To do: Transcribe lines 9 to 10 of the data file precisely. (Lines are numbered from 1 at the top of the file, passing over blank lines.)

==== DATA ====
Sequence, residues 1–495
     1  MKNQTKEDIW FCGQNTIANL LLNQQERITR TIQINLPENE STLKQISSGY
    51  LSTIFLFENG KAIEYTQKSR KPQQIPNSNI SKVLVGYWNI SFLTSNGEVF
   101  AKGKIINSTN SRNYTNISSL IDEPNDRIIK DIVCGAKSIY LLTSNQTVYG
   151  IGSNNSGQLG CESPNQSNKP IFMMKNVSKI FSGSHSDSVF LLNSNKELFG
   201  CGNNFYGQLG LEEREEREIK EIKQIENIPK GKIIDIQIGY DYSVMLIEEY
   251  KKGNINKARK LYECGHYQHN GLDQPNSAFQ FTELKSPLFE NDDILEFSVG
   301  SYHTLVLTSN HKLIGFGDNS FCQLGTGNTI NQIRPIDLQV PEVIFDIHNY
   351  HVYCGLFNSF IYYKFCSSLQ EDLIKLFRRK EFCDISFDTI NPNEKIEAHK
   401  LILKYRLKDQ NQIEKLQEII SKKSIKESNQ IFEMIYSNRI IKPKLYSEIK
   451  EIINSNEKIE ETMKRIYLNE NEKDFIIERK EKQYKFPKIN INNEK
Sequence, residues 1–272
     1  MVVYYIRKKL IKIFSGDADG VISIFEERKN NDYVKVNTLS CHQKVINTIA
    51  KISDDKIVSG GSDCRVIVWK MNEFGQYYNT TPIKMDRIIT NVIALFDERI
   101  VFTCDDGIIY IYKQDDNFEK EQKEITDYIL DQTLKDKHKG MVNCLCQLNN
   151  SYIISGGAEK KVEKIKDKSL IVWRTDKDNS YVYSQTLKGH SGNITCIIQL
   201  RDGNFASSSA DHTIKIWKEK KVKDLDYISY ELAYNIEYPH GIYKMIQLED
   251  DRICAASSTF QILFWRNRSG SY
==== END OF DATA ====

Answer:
   351  HVYCGLFNSF IYYKFCSSLQ EDLIKLFRRK EFCDISFDTI NPNEKIEAHK
   401  LILKYRLKDQ NQIEKLQEII SKKSIKESNQ IFEMIYSNRI IKPKLYSEIK